GM Patent Filing Reveals New Corvette Active Aero Bits
A great many modern performance cars rely on active aerodynamics to reach an optimal combination of drag coefficient and downforce, and it looks like the Chevrolet Corvette could soon offer new forms of active aero technology. General Motors has filed for three new patents with the United States Patent and Trademark Office, and each of these items is display in the patent drawings on a C7 Corvette.
While it seems unlikely that the Corvette would get new technology like this so late in the life cycle of the C7 generation, the company could be using the current Chevy sports car to develop and protect these new features while planning to integrate them into the next generation Corvette.
Active Side Skirts
First up, shown in the largest portion of the image above is the new active side skirt design. This lower portion of the body will be able to extend further towards the ground to control the turbulence in the wheelbase at high speeds. This system would be particularly beneficial for a track mode, as having the side skirts hang too far down would be a problem in many street driving situations, but on the track, the skirts could provide the greatest aerodynamic impact without any concern of bottoming out over a manhole cover or some other real world issue that doesn’t occur on a race track.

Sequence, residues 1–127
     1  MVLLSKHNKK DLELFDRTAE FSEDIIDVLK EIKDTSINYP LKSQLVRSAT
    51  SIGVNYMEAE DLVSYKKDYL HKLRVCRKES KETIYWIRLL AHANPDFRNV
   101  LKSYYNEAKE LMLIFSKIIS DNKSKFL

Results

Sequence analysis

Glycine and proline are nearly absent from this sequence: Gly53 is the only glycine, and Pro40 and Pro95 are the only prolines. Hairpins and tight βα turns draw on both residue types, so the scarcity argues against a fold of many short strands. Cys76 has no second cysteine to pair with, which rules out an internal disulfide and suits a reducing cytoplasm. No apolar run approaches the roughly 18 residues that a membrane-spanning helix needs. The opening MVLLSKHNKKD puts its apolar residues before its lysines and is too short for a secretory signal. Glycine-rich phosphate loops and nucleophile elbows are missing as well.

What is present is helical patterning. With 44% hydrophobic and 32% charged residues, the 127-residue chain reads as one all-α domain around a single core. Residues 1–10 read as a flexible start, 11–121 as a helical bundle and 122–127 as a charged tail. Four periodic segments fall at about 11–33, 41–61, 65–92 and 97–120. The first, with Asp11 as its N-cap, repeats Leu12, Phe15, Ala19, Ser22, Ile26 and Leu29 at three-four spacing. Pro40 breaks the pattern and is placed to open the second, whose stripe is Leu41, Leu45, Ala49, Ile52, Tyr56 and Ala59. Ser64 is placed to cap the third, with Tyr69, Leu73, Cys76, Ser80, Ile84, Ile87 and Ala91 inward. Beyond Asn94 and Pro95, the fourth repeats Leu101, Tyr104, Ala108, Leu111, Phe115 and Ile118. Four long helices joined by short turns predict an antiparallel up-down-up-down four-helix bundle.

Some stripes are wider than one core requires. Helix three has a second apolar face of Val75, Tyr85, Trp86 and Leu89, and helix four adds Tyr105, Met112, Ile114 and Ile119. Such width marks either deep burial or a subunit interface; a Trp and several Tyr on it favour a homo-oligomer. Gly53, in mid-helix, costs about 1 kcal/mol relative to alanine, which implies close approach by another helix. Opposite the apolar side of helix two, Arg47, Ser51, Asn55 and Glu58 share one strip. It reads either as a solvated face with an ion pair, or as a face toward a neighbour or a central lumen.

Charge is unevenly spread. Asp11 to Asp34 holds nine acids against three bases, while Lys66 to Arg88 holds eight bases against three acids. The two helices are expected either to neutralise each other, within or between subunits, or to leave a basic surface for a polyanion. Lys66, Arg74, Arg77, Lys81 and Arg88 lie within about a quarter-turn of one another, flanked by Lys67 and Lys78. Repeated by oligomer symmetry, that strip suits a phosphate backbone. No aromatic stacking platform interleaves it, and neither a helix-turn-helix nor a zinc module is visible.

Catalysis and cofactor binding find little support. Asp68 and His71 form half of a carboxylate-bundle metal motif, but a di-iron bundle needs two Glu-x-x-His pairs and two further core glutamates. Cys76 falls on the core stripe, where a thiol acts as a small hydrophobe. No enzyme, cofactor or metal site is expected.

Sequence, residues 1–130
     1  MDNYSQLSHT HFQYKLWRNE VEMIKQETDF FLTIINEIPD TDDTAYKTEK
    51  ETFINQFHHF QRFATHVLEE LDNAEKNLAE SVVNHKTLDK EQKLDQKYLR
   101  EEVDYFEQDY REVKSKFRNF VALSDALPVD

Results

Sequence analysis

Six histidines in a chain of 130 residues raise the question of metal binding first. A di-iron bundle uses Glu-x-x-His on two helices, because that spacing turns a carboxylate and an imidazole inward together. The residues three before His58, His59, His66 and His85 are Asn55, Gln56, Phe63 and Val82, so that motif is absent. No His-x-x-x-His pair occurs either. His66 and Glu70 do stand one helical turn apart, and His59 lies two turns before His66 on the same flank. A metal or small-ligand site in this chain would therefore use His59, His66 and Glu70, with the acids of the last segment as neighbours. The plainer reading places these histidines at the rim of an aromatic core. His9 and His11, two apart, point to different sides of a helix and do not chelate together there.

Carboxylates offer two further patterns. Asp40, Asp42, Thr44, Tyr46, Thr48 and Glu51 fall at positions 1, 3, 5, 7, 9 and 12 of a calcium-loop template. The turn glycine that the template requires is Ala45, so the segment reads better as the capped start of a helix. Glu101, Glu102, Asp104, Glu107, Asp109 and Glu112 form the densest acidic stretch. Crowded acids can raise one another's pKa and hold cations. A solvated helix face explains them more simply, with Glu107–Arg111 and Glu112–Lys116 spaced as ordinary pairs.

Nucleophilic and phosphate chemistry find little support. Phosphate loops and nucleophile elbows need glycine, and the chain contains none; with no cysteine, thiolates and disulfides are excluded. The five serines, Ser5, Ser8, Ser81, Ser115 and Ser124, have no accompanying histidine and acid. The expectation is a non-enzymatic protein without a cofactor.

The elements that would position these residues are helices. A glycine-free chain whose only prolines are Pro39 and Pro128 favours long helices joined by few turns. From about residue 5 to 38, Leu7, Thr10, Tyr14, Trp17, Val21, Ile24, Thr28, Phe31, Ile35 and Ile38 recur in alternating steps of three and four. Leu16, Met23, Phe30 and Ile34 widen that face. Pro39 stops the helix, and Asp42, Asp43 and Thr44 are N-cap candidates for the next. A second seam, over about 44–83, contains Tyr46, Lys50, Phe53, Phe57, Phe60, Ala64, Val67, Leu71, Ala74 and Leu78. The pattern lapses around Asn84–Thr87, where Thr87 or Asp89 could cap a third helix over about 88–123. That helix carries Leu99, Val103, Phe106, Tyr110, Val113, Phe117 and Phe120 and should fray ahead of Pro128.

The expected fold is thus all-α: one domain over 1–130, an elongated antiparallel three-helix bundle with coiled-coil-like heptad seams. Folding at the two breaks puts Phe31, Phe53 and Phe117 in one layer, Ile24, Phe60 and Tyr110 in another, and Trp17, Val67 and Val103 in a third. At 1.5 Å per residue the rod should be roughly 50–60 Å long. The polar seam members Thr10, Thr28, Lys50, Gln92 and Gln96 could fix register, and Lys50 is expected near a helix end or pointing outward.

Next, General Motors is working on a system of downforce generation ducts that will be located in the front fascia and on the roof of the Corvette. Downforce ducts are common in the racing world and roof ducts are a popular feature in the world of rally racing. On the Corvette, these ducts could be used to apply downforce in key areas that would be dependent on vehicle speed, and integration would be fairly simple.
Active Rear Spoiler
In the bottom-left portion of the image above, you will see the active rear spoiler on a C7 Chevrolet Corvette. Like most active rear spoilers, this unit will be able to adjust the angle of the spoiler and the height, but it will also be able to move laterally along the back of the car. In other words, the new wing will be able to move closer to the rear glass or further out over the rear end depending on the speed of the vehicle.
We have put together the picture above with a quick look at each of the three key areas of reference, but you can check out tons more images from the filing over at CorvetteBlogger.